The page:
What’s 9/11 mean to me? 10 years later I’m still not sure…
A little before 9 that morning, the Q train rumbled out of the tunnel where Flatbush Avenue becomes the Manhattan Bridge. As we crossed the East River, on the left side of the train, black smoke was billowing and paper was flying from a gaping hole in the North Tower.
A tense, deliberate voice came over the subway speaker: “There’s an emergency downtown; this train will express to Times Square.” We had seen, even if we didn’t understand.
The train, it turned out, stopped at every station in between: Canal, Union Square, 34th Street. Each time, that same voice, now screaming, “Do not leave the train; we are only picking up passengers, clearing the stations; this is a police order: DO NOT get off this train.”
But at Times Square, the platforms were oddly “unphased” — no different than any other morning — rush hour going about its business. New York is full of the unusual and unexpected, juxtaposed right alongside unnoticing. If you see at all, you still go on. Maybe that’s true of life in general?
Transferring to the uptown express, I made it to 96th Street before the PA system announced that the New York City subway system was closed. The train doors opened; the power turned off.
Up the stairs, out of the station, it was a beautiful, sunny, fall day– the only season when New York seems almost clean. Everything looked normal in a neighborhood I’d known well for years, 3 blocks away from the first church I served.
I asked a woman passing by, “Do you know why the subways shut down?” Looking at me unbelieving, she shrieked, “They’re bombing the World Trade Center.”
I called Miriam. She said a second plane had just crashed into the South Tower. That Rockefeller Center, where she worked, was being evacuated. Everyone was getting marched over the Queensboro Bridge. “I’ll call when I get to the other side; you’ll need to tell me how to walk to downtown Brooklyn; I am going to pick Simon up from school.” I laughed, “Simon won’t be in school.” She got mad at me.
Next call was to Sally at the office, “I’ll be late; I’m on foot the rest of the way.” She said the smoke looked awful. And, on a completely different tack, that she’d just heard that her dad, who she hardly knew, was dying in Florida. She wondered if she fly down and see him.
Miriam never called back: cell phone service shut down too. She got a ride from Long Island City to downtown Brooklyn with other people in the back of a pick up truck. Simon wasn’t at school. Found later in our neighborhood, he playing basketball with friends in Ezra’s driveway.
Sally and I watched all day from the south windows of our office. The Towers burning, then collapsing. We listened to the radio. A third and then a fourth hijacked plane. Not since Pearl Harbor had the U.S. been attacked on its own soil; and this wasn’t a military target. The smoke changed from black to light gray with all the dust, but kept filling the sky.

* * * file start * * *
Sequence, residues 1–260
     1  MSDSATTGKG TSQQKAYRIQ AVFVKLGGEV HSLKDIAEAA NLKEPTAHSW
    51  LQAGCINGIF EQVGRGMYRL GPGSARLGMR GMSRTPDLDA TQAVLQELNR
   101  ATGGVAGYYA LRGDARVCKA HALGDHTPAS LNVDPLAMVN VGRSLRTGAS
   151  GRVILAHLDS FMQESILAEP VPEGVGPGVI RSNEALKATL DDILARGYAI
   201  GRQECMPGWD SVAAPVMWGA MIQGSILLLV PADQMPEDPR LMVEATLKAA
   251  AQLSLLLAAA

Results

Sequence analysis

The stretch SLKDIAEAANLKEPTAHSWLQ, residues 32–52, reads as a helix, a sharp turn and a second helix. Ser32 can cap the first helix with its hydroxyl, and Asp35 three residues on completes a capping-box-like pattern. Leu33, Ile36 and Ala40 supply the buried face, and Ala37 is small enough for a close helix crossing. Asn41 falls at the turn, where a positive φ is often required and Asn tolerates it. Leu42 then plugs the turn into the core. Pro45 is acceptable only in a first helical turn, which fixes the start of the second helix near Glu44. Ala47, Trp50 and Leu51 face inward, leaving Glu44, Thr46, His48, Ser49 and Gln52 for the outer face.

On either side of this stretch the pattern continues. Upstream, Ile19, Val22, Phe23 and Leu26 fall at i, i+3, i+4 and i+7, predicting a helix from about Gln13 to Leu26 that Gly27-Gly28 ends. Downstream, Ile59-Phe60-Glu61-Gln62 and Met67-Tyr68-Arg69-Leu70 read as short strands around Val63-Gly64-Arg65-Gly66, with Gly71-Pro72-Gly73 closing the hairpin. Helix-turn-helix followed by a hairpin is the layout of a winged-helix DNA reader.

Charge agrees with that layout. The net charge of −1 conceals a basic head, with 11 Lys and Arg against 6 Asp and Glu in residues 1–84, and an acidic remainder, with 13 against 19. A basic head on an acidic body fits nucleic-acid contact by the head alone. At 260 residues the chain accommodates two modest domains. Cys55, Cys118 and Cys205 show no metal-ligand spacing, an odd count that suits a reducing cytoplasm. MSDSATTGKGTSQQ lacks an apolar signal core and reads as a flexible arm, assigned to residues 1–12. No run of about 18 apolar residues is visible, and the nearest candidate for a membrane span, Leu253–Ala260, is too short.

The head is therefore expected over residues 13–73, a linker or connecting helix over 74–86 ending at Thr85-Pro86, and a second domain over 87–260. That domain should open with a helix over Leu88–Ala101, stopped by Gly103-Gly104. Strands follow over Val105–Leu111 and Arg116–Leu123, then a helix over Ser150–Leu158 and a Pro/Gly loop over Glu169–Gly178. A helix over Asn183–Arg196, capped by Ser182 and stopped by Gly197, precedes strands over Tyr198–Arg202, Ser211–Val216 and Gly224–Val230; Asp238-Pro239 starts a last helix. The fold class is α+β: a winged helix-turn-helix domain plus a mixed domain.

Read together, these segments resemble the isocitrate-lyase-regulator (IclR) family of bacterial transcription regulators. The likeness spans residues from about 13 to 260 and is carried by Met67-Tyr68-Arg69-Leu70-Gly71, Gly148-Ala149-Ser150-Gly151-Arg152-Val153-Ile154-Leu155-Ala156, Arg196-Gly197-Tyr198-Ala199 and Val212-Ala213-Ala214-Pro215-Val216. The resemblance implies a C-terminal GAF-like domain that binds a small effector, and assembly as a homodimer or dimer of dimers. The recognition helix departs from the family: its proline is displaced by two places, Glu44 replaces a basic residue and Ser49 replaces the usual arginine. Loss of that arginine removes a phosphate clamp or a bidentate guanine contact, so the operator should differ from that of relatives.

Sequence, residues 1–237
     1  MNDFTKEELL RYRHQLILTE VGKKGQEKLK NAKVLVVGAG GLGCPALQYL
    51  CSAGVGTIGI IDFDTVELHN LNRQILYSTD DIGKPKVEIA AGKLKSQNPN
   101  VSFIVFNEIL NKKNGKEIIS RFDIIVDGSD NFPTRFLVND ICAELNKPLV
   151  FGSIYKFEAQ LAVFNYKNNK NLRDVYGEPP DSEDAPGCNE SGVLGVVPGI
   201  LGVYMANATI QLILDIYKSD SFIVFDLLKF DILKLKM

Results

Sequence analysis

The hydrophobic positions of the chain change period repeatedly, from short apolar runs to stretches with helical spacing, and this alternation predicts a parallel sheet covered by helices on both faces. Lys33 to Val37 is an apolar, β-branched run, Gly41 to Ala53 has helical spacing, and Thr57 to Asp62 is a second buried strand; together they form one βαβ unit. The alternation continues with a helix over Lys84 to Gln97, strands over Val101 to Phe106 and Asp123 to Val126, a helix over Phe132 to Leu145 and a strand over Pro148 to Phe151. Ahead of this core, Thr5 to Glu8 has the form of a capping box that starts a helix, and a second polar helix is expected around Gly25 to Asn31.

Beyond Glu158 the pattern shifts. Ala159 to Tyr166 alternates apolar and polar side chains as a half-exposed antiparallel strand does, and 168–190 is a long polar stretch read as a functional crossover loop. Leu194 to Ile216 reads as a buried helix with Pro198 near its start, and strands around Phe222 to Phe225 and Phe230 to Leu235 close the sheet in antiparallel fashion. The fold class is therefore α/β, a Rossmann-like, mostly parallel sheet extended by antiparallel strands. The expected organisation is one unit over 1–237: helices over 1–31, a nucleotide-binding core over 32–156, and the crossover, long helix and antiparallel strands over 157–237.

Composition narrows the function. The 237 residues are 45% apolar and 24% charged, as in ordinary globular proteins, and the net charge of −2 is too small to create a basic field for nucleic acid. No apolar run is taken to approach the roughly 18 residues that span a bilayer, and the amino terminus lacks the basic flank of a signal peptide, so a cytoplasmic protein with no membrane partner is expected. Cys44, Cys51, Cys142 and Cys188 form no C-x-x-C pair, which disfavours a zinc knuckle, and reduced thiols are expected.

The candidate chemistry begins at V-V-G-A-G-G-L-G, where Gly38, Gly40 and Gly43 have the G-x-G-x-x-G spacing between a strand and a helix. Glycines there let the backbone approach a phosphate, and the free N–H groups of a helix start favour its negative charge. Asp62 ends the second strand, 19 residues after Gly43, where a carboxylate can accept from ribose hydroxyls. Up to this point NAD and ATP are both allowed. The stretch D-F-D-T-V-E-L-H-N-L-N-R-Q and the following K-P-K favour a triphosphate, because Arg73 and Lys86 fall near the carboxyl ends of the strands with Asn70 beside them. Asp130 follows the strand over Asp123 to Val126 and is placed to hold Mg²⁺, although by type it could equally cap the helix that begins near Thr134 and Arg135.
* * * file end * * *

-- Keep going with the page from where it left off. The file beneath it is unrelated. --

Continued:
Sally’s dad died that day. She did not make it to Florida even for the funeral. After 7, she drove home to Jackson Heights. I left the office about 9, when the subway lines reopened. Walking from train line to train line, and riding circuitously, I made it to the elevated station at Brooklyn’s 18th Avenue, near home, about midnight.
Now the smoke from the southeast, instead of from the north, but it still filled the sky. The air smelled bad. The end of the first day in a surreal week.
UCC congregations in Chappaqua, Garden City and Manhasset each lost multiple members. Two former parishioners of mine were killed. And two friends. Geneva left a message saying that the Penn SE Conference staff had prayed for us during their staff meeting.
When the airports opened again on Friday, and I had to fly, there were all kinds of strange, new security gauntlets to pass. And rumors. And walls covered with messages: people looking for and later grieving loved ones. Then memorial services. And anthrax scares. Grief counseling.
The last time I went to New York, just a few weeks ago, as the bus came down the hairpin turn into the Lincoln Tunnel, I looked out the left side: there on the downtown skyline was the black skeleton of one of the new towers, already higher than any of the other buildings. It startled me.
What’s it all about? Ten years later and so much more has happened. Much more violence and death spawned by the fateful fall day. And who can be quite sure? For me, people who know exactly what 9.11 means for our world are often scary zealots, claiming certainties to avoid life’s fearful confusions.
Beloved, red letter days are often ambiguous. Life’s lessons are never so clear. Or quite leaned. History can always be observed from different angles and various vintage points. But sometimes the tragedies get no clearer even with time.
Humans engineer incredible evil against one another, to be sure. And often, in our own minds, we have just cause.
And, yet, the world does not stop dead even when some cataclysmic event occurs right before your eyes… or even when someone you know is killed. Instead, there’s a weird partnering of the everyday with the extraordinary… as time marches on.
We do too. Because we have no choice. Because even disasters are not without glimpses of hope. Because we have to get up tomorrow. We make provisional decisions, and ought to continue reflecting, using the ensuing years and actions towards better understandings and responses.
It’s 10 years later. We are charged with remembering– putting pieces together; asking about meaning; determining how it should affect our actions.
What is it, God, that we are to make of it all?
See you in church,
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